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The Plural of Lady in Waiting

plural of lady in waiting

A lady-in-waiting is a woman who serves as a personal assistant in the household of a queen, princess, or another woman of high rank. The plural form of lady-in-waiting can be either ladies in waiting or ladies-in-waiting. The term is considered an honorific position and is used to refer to a group of noblewomen who attend and assist the royal figure. The plural of lady in waiting is commonly used in historical and formal contexts.

The Singular and Plural of “Lady-in-Waiting”


The singular form “lady-in-waiting” refers to a woman who serves in a royal or noble household. The plural form is “ladies-in-waiting,” following the standard rule of changing the noun “lady” to “ladies” while keeping the rest of the phrase intact.

lady-in-waiting role

Understanding “Lady-in-Waiting”

Definition of “Lady-in-Waiting”

A lady-in-waiting is a female attendant to a queen, princess, or high-ranking noblewoman. Historically, this role entailed various responsibilities, from personal assistance to serving as a companion and confidante. The title has been used across different cultures and eras, with duties and statuses varying accordingly.

Usage of “Lady-in-Waiting”

“Lady-in-waiting” is used as a noun. It’s a specific role or title, rather than a general term. The position often involved women of noble birth, though this varied depending on the time and place.

Use of “Lady-in-Waiting” in Sentences

  1. Context of History: “The portrait depicted a distinguished lady-in-waiting from the Tudor court.”
  2. Contemporary Reference: “In the modern royal household, the role of a lady-in-waiting has evolved significantly.
  3. Literature: “In the novel, the main character aspired to become a lady-in-waiting to the queen.”
  4. Comparative Context: “Unlike a maid, a lady-in-waiting often came from an aristocratic background.”
  5. Cultural Significance: “In the Japanese court, a lady-in-waiting played a crucial role in ceremonial occasions.”

Common Mistakes and Confusions

  • Misplacing the Hyphen: “Lady in waiting” without hyphens is incorrect when referring to the title.
  • Singular/Plural Confusion: Using “ladies-in-waiting” to refer to a single person is a common mistake.
  • Capitalization: It’s not capitalized unless used as a formal title preceding a name, e.g., “Lady-in-Waiting to Queen Elizabeth.”

Commonly Asked Questions

  • Q: Can “lady-in-waiting” be used in a non-royal context?
    A: Traditionally, it’s specific to royal or noble contexts, though it may be used metaphorically elsewhere.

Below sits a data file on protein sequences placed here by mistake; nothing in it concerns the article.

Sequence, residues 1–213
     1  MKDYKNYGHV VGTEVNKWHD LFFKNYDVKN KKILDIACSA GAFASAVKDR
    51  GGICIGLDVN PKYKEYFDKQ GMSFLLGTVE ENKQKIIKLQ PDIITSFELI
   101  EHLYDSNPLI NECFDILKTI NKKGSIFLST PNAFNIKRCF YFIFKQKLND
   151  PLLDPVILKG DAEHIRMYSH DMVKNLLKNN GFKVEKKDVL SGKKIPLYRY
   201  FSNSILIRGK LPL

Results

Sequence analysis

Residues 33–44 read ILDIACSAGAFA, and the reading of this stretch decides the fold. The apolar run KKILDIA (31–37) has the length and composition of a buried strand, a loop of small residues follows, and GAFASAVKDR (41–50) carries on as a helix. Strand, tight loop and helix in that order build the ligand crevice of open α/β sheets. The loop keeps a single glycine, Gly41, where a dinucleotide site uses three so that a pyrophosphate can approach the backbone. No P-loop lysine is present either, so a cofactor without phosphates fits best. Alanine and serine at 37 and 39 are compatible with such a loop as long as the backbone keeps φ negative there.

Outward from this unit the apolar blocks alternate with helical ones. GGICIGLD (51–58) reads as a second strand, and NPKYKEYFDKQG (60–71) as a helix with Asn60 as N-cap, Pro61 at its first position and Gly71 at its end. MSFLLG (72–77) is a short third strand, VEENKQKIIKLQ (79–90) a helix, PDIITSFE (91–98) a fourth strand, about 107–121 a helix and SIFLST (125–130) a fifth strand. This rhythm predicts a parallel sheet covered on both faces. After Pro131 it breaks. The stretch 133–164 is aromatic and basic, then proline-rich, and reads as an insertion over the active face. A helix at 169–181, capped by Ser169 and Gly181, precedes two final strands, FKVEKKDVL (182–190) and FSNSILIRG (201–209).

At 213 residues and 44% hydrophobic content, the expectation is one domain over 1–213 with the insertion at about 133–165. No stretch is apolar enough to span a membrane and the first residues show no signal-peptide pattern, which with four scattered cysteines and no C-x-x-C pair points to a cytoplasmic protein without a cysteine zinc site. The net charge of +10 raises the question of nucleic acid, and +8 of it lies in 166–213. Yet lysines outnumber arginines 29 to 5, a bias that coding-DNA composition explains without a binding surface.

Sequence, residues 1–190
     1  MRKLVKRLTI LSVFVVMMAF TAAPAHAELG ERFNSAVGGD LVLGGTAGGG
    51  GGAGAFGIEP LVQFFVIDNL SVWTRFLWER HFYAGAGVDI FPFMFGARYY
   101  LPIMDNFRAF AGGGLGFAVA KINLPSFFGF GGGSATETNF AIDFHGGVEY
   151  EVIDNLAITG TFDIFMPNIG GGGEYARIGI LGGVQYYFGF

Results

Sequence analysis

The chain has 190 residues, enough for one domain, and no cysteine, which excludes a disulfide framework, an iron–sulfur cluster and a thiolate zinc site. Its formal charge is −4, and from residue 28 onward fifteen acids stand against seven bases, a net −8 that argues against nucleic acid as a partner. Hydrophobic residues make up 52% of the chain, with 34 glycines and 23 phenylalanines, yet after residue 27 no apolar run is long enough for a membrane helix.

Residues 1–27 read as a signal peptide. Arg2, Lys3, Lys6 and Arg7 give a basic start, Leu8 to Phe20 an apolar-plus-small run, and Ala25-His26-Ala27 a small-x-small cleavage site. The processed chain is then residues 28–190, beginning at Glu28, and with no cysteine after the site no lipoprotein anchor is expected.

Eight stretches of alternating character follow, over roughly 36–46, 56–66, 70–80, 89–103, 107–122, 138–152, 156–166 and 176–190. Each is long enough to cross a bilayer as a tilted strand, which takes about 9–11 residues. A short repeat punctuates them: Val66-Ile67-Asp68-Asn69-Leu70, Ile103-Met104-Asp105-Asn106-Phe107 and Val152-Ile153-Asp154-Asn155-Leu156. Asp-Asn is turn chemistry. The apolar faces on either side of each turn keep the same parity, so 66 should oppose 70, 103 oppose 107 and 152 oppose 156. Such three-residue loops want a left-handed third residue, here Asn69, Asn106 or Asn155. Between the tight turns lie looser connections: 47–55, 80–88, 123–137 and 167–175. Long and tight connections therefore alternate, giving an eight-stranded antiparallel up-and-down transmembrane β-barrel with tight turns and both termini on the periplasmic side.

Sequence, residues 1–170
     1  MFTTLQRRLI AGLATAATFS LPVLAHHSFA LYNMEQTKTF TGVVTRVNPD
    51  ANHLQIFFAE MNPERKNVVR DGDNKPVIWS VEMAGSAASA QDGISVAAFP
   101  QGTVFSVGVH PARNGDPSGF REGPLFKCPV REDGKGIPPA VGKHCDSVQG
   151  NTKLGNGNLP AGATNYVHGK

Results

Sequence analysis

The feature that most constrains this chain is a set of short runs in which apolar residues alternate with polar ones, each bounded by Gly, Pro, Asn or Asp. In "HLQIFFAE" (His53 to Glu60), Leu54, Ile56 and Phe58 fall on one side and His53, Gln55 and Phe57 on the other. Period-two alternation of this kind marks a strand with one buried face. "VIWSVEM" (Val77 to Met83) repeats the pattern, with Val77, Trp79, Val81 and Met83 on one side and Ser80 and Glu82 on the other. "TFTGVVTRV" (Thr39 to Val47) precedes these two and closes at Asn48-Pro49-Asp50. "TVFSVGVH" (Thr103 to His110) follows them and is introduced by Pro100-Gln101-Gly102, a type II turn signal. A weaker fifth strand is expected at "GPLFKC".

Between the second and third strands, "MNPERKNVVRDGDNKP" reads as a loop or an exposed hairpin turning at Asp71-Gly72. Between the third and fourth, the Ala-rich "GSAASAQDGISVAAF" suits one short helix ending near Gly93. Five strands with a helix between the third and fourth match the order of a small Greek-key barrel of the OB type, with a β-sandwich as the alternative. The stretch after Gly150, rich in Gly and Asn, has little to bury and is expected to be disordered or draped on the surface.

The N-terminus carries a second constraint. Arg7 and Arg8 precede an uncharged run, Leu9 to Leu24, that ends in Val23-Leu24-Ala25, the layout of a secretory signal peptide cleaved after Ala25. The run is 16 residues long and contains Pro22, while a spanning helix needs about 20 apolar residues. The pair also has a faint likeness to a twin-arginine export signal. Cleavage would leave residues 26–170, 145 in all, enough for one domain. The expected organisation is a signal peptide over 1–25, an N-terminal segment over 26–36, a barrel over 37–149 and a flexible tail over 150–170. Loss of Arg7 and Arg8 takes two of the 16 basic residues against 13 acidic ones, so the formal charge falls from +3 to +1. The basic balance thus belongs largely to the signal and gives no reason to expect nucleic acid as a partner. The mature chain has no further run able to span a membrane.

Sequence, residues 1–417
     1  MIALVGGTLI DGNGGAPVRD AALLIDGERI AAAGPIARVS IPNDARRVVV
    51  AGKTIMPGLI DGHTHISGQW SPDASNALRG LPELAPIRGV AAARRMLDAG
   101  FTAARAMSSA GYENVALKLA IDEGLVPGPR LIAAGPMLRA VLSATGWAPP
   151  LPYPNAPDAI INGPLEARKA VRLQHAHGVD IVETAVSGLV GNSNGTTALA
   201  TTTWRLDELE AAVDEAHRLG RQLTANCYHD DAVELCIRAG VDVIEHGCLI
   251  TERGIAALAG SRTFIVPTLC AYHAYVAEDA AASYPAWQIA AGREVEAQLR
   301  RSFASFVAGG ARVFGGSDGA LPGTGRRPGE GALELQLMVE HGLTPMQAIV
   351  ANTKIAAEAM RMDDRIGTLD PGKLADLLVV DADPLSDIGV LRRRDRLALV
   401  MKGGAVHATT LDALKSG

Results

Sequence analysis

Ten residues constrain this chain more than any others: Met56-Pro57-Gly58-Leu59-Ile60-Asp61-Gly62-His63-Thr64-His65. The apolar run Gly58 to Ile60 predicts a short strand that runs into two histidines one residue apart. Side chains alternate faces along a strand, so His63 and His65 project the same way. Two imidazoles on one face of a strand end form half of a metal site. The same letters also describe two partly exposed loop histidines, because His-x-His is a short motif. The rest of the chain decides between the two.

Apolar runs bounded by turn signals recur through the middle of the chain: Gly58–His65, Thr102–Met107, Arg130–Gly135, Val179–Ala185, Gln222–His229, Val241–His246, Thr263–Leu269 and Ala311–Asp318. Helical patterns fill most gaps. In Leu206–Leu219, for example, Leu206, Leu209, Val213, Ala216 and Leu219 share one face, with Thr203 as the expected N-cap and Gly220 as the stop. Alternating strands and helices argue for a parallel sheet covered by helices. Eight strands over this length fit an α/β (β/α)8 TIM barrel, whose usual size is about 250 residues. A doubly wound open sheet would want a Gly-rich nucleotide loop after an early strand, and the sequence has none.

• Q: Does the role still exist in modern times?
    A: Yes, but the duties and significance have evolved, often being more ceremonial.
history of ladies-in-waiting


Understanding the plural form of “lady-in-waiting” as “ladies-in-waiting” is crucial for correct usage, especially in historical and cultural contexts. This term is more than a linguistic curiosity; it’s a gateway to exploring the rich tapestry of history and social hierarchies. Correctly using the singular and plural forms enhances the clarity and accuracy of communication, especially in academic and literary works.


What is the plural of lady in waiting?

The plural form of lady in waiting can be either ladies in waiting or ladies-in-waiting.

What does a lady-in-waiting do?

The role of a lady-in-waiting involves providing personal assistance and support to the queen or princess, acting as a companion, confidante, and advisor. They accompany them on official engagements, attend to their wardrobe, organize their schedule, and provide emotional support. They also play a crucial role in maintaining protocol, etiquette, and decorum within the royal household.

What is the historical significance of ladies-in-waiting?

Ladies-in-waiting have a rich history that dates back to medieval times. Chosen from noble families, they served as a way to strengthen political alliances. These noblewomen were expected to possess grace, beauty, and intelligence and played an important role in supporting and influencing the queen’s decisions. They had a significant impact on the social dynamics of the royal court.

Do ladies-in-waiting still exist in modern times?

While the concept of ladies-in-waiting has evolved, it still holds some relevance in contemporary societies. Nowadays, the term is used more symbolically rather than as an official position. However, some countries and royal households still maintain a small group of ladies-in-waiting who support and accompany the reigning queen or princess. These modern-day lady-in-waitings often act as cultural ambassadors, representing their countries on official visits and engagements.

Jessica Smith

Jessica Smith

Jessica Smith, writer at, blends creativity with insight, exploring technology, culture, and psychology. With a background in English Literature, she crafts engaging stories inspired by nature and urban life. Outside writing, she enjoys exploring and continuous learning.View Author posts

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